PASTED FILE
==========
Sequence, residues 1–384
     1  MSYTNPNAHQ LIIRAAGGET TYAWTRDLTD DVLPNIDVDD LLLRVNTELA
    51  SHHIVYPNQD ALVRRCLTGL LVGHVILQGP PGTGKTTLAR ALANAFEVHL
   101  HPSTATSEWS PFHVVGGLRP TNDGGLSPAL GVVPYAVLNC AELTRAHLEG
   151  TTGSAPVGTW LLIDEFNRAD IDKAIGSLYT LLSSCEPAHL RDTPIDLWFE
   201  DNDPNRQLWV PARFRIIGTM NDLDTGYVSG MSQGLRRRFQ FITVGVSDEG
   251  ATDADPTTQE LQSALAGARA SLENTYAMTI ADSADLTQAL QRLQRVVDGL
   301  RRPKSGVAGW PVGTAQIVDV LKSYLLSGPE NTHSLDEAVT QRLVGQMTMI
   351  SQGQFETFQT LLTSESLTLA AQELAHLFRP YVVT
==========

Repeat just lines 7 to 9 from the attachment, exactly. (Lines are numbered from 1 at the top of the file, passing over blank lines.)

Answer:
   251  ATDADPTTQE LQSALAGARA SLENTYAMTI ADSADLTQAL QRLQRVVDGL
   301  RRPKSGVAGW PVGTAQIVDV LKSYLLSGPE NTHSLDEAVT QRLVGQMTMI
   351  SQGQFETFQT LLTSESLTLA AQELAHLFRP YVVT